Crop losses to extreme temperatures drive more migration than floods in Pakistan, a study shows
LONDON (Thomson Reuters Foundation) - Extreme rainfall and floods regularly force large numbers of people to leave their destroyed or damaged homes in vulnerable countries like Pakistan. But how long do they stay away?
Take the 2010 monsoon floods in the South Asian nation, for example: some 20 million people were affected, with 14 million temporarily relocated and 200,000 taking shelter in aid camps. Crops to the tune of $1 billion were destroyed.
Headline figures like this create the impression that many are on the move. But recently published research suggests the longer-term impact of too much wet weather is less than that of too much hot weather.
A study that tracked around 4,400 individuals from nearly 600 households between 1991 and 2012 showed that flooding — a climate shock associated with big aid responses — had modest to insignificant impacts on migration. Heat stress, on the other hand - which attracts relatively little relief — increased the long-term migration of men to look for work elsewhere, mainly because it cut income from farming and other sources.
Unusually high temperatures reduce people's wellbeing because they harm agricultural yields, according to the research published in the journal Nature Climate Change. For example, when heat stress caused wheat to mature early in Pakistan in 2010, yields dropped by 13 percent.
"However, Pakistan's social protection programmes and international relief efforts have been far more responsive to flood victims than heat stress victims, as in other parts of the developing world," the study said.
The researchers deliberately took a longer-term view than most studies, since academic work looking at the causes of migration tends to focus on data covering just a few years, they said.
In the Pakistan study, a household member was considered a migrant in any particular year if he or she was permanently not present in that year for reasons other than death. The heads of households in a 1991 survey were re-surveyed in 2001 and 2012 to track the movement of original household members from 1991, both inside and outside villages.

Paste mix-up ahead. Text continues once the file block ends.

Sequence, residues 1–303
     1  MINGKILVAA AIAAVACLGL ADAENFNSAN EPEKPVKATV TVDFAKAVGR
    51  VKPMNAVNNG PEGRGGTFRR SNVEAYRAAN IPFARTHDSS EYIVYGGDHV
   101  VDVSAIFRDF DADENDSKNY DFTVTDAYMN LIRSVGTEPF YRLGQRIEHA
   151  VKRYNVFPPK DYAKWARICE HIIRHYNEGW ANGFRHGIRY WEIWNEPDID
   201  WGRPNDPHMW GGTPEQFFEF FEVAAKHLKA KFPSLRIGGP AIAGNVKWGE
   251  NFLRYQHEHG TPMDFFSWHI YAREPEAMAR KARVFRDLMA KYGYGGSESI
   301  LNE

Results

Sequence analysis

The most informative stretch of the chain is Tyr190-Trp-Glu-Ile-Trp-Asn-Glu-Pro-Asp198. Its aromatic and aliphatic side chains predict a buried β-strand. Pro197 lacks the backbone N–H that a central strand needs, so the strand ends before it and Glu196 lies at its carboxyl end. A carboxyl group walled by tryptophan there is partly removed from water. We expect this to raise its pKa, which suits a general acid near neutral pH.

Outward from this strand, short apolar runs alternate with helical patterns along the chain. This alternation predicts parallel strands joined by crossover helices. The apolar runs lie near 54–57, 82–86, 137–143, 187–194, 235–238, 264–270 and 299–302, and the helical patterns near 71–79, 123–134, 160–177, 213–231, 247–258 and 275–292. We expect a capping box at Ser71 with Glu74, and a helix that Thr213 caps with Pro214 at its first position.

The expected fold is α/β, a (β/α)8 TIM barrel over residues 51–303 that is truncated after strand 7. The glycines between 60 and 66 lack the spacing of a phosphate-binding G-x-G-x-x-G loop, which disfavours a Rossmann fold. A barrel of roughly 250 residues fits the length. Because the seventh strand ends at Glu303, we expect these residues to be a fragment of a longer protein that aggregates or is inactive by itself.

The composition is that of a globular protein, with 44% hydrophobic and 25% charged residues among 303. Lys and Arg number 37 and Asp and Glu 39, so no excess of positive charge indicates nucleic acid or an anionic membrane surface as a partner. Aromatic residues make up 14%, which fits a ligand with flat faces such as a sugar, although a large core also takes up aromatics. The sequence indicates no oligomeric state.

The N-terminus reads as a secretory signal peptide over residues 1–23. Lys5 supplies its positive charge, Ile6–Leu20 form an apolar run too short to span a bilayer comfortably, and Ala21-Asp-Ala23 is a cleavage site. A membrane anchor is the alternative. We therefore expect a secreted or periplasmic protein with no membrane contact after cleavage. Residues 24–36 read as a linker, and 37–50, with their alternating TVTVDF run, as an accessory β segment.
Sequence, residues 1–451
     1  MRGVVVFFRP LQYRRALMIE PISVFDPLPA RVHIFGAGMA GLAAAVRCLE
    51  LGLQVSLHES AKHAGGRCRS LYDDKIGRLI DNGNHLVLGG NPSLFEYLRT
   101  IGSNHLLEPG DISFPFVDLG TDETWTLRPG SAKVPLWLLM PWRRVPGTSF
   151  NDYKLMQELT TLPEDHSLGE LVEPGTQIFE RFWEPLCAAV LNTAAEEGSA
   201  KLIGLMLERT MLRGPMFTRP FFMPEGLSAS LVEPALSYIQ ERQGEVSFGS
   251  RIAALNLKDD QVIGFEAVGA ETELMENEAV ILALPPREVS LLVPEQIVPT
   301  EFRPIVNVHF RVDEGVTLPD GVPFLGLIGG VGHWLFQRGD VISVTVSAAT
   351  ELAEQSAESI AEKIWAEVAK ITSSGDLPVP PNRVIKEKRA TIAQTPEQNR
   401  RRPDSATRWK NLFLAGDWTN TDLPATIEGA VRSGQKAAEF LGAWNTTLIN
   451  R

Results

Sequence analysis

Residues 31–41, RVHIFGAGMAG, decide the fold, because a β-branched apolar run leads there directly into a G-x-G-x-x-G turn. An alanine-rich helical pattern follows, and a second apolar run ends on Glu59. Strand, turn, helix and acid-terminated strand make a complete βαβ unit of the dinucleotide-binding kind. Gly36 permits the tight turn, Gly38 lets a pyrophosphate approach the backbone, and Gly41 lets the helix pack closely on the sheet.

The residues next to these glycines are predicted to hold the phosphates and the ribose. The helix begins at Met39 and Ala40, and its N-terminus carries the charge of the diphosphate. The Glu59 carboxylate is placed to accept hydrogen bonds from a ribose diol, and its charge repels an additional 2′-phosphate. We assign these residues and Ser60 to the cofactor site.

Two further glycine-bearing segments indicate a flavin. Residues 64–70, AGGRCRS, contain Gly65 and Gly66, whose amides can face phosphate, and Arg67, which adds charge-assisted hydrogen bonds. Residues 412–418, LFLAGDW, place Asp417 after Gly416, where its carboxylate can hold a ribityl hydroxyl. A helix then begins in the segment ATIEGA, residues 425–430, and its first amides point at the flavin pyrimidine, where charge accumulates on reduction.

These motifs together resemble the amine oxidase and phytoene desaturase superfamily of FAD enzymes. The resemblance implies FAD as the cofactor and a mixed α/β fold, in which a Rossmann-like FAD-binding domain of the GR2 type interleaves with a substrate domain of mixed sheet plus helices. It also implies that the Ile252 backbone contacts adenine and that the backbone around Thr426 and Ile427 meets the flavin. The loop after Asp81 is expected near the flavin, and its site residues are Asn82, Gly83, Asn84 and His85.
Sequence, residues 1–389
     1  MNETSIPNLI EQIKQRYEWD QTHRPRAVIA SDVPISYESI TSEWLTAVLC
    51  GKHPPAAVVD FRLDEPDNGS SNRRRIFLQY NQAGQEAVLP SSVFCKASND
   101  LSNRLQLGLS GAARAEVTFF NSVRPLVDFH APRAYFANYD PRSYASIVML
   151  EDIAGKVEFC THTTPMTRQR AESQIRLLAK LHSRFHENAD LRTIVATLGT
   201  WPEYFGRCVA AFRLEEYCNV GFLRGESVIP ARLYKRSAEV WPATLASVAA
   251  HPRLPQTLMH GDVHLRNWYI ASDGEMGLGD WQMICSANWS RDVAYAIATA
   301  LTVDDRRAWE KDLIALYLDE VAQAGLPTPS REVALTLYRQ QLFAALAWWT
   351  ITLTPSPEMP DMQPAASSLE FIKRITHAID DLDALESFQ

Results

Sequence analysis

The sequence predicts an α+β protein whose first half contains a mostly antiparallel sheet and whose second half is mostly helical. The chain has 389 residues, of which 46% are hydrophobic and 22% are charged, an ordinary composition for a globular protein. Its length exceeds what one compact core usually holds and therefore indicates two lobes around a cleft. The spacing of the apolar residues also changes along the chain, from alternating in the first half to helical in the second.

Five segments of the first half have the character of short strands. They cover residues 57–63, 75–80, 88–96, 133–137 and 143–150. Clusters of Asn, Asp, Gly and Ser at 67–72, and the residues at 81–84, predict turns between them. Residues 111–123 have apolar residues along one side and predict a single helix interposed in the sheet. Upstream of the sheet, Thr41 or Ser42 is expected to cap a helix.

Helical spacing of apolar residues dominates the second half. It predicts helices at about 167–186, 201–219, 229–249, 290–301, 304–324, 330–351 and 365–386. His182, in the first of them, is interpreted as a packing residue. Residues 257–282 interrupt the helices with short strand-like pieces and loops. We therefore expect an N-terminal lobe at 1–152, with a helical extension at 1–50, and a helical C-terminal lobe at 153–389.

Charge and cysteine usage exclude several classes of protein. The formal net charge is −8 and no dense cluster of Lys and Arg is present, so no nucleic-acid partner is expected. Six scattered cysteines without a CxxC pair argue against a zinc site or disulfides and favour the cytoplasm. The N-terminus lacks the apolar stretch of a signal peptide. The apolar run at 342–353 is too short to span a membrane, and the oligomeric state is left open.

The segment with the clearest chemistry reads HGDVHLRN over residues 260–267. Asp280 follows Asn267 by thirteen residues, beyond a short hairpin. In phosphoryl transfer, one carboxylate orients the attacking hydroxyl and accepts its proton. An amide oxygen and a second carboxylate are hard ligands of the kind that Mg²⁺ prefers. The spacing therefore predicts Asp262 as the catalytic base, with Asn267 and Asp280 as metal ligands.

The study found that rainfall had no robust effect on the mobility of men or women. Men were slightly more likely to move out of the village in response to higher rainfall, but only when the temperature was also sufficiently high. Flooding was found to have no effect on out-of-village moves and in fact caused a modest decline in the within-village migration of men and women.
But men consistently moved out of the village in response to extreme temperatures in the rabi growing season, which begins in late October and runs through to April-May. Rabi crops include wheat, tobacco, rapeseed, barley and mustard.
The risk of a man moving out of the village was 11 times higher when the village was exposed to temperatures at the top end of the scale, the study found.
MIGRATION AS ADAPTATION
The researchers also looked at the influence of weather on income. Extremely hot temperatures wiped out over a third of farming income and 16 percent of non-farm income. High rainfall, conversely, was found to increase all sources of income substantially.
"This analysis suggests one possible reason why heat stress drives migration, whereas extreme rainfall does not,” the study said.
Looking at differences in wealth, the researchers found those most likely to migrate were people with the least land and assets. "It seems that for the poor, the migration benefits following heat stress outweigh the moving costs, spurring migration of all forms," they wrote.
They concluded that their work has broader relevance for development strategies in Pakistan. They suggested that flood relief programmes may "potentially crowd out private coping mechanisms" like migration, particularly for the poor and risk-averse who live in flood-prone areas.
To promote sustainable development, policies are needed that promote adaptation to weather-related risks for farmers and rural businesses, they argued. Those might include investment in heat-resistant crop varieties, producing and disseminating better weather forecasts, weather insurance, and encouraging the kind of migration that boosts incomes and welfare.
"Addressing weather-related displacement will require policies that both enhance resilience to climate shocks and lower barriers to welfare-enhancing population movements," the study said.
Its findings tally with research published in 2012 by CARE International and the U.N. University, in which modelling showed that migration from vulnerable households in Tanzania could double over the next 25 years under the most extreme drying scenario.
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